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We love taking a walk on the wild side at Po-Zu. So we’re right behind a campaign by the Wildlife Trusts that has been running in June to inspire and encourage people to commit a random act of wildness every day. Here are five of our favourite ideas from the good people at The Wildlife Trusts on different ways to experience nature and explore the outdoors around where you are – even if you live in a big city, it’s easier than you might think to build a little wildness into each day. And the summer is a perfect time to start or to explore more.
Exercise in the wild
Changing your route to run, walk or cycle in the wild can be a great way to both exercise and get your hit of green. If you work near a park, you could get off a stop or two earlier and walk in the park in your Po-Zus on the way to or from work, helping to set you up for the day or unwind at the end of it.
Create artwork in the wild
You can use leaves, twigs, feathers, feathers – whatever is at hand. I made this design in the local park, and it was fun just to play with what was there in front of me – like being a child again. Of course it is a perfect activity to do with children as well. And you could brighten the day of whoever else stumbles across your resulting artwork.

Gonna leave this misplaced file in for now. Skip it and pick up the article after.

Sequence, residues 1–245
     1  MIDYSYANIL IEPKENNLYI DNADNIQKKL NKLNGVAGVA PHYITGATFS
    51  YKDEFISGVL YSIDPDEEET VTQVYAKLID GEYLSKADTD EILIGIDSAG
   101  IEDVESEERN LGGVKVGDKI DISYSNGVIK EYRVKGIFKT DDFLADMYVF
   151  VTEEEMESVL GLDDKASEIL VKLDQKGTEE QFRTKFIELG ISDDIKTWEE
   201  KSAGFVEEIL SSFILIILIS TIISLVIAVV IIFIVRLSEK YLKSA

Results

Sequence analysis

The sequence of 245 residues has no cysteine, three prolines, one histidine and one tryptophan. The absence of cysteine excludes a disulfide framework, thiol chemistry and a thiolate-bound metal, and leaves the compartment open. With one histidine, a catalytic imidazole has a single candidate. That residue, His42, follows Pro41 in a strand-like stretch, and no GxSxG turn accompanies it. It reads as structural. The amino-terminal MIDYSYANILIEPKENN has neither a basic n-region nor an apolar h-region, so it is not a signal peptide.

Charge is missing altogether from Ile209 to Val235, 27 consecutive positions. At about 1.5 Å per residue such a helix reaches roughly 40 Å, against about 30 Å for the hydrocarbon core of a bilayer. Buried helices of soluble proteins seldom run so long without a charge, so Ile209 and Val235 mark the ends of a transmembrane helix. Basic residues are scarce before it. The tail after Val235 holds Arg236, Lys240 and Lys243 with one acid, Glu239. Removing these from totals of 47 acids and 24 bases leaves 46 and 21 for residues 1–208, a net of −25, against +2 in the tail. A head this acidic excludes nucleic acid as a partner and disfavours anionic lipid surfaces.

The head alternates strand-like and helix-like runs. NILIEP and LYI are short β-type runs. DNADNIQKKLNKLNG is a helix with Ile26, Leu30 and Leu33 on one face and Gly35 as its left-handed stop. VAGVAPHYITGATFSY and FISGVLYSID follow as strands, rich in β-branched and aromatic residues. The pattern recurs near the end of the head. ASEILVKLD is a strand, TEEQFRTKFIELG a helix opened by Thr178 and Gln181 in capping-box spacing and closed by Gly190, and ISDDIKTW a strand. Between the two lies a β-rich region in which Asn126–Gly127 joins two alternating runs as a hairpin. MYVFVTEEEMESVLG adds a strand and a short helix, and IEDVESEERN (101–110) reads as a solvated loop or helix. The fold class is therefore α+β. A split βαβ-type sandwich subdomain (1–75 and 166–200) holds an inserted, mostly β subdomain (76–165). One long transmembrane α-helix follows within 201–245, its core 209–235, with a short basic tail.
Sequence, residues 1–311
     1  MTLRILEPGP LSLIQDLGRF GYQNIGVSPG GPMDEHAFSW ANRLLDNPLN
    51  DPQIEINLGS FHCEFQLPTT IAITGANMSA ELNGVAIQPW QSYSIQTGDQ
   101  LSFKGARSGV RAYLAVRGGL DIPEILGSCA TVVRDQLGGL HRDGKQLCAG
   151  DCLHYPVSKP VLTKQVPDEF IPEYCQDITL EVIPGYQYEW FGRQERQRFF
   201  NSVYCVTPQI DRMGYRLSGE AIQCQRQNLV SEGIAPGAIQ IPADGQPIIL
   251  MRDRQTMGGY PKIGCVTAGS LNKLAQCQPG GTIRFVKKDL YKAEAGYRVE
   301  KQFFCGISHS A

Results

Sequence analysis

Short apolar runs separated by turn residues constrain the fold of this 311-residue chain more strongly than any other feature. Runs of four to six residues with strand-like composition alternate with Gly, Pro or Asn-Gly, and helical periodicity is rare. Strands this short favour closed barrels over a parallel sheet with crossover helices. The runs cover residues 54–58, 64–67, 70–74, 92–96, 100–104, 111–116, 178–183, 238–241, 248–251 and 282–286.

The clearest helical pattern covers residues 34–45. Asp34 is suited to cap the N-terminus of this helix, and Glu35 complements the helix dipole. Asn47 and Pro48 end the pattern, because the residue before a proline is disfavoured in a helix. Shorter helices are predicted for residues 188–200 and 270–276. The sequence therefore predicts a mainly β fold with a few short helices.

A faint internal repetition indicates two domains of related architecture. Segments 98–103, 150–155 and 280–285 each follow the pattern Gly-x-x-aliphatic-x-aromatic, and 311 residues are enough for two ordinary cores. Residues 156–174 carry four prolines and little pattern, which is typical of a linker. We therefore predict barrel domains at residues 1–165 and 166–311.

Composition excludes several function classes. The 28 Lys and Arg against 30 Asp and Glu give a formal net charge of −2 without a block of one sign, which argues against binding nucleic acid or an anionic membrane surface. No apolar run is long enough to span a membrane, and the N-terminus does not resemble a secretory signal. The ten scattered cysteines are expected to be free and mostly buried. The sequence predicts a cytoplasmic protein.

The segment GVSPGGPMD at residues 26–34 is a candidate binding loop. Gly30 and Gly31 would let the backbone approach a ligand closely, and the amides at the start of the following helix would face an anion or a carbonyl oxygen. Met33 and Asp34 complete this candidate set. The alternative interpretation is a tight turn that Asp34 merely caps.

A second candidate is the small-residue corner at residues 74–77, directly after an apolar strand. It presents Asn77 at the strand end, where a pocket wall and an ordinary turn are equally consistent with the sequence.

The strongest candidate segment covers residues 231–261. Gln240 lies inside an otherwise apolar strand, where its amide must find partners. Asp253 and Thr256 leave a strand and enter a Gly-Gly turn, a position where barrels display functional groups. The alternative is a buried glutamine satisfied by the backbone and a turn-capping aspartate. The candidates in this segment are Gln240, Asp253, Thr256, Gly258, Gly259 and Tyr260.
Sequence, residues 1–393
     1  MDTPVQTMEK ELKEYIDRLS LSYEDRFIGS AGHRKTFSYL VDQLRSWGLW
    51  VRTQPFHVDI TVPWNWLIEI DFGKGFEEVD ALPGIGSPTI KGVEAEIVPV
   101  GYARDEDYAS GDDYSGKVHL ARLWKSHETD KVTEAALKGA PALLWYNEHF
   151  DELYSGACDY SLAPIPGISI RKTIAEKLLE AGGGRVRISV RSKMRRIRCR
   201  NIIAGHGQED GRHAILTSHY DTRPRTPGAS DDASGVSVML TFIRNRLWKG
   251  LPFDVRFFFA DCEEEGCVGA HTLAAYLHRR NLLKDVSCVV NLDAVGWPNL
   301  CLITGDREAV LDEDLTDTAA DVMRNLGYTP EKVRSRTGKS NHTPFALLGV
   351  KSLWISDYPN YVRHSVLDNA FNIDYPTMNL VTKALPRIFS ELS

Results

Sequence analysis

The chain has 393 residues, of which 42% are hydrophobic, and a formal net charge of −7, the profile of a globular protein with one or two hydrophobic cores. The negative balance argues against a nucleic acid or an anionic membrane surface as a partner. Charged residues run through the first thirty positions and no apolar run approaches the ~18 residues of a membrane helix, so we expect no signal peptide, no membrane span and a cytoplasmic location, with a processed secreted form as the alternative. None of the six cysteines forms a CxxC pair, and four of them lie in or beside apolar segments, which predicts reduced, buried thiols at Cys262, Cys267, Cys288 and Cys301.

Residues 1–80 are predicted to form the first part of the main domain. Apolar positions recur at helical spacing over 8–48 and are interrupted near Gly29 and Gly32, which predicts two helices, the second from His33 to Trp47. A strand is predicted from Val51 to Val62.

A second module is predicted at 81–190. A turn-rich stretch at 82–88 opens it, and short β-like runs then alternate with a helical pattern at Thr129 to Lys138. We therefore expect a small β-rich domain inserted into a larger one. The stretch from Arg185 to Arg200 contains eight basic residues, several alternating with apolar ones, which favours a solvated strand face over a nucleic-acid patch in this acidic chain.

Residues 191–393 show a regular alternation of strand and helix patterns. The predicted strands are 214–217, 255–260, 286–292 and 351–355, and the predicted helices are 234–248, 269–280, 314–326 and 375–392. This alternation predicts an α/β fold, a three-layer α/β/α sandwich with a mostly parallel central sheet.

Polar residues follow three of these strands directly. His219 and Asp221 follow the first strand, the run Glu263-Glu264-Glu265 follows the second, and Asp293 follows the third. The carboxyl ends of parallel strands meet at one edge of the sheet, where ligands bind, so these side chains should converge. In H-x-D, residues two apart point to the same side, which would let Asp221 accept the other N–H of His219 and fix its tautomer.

Be a treehugger
Your friends might call you a treehugger. But when was the last time you actually hugged a tree? Inspired by the 30 Days Wild challenge, I stopped to hug this beautiful oak tree when I was out running. There was something very calming about it – and it turns out that treehugging is actually good for our health.
Learn to identify birdsong
Taking time to listen to birdsong is an easy way to incorporate wild into your day. But I, for one, am not so hot on knowing which bird is doing the singing. I’ve been prompted by the challenge to put that right over the summer. You can buy books with CDs which will you help you to pick out the different bird songs – the Collins Guide to Bird Songs and Calls looks like a good one.
Take your favourite nature book and read it outside
If you’re feeling in need of chilling out a little, why not take your favourite nature book outside and read it in the perfect setting. Find a tree to climb and read Wildwood: A Journey through Trees by Roger Deakin. Read Waterlog by the same author by the side of a lake or river on a hot summer’s day, and you might be tempted to plunge in. Or spend half in an hour in a local park at lunchtime with The Moth Snowstorm: Nature and Joy by Michael McCarthy. His argument is that we are moved by nature and love nature, because we are part of nature, and it has been deep within us for 50,000 generations.
And if that’s the case, then we all deserve and need a little more wildtime.
You can pick up more tips and inspiration on how to Stay Wild this summer at the Wildlife Trust website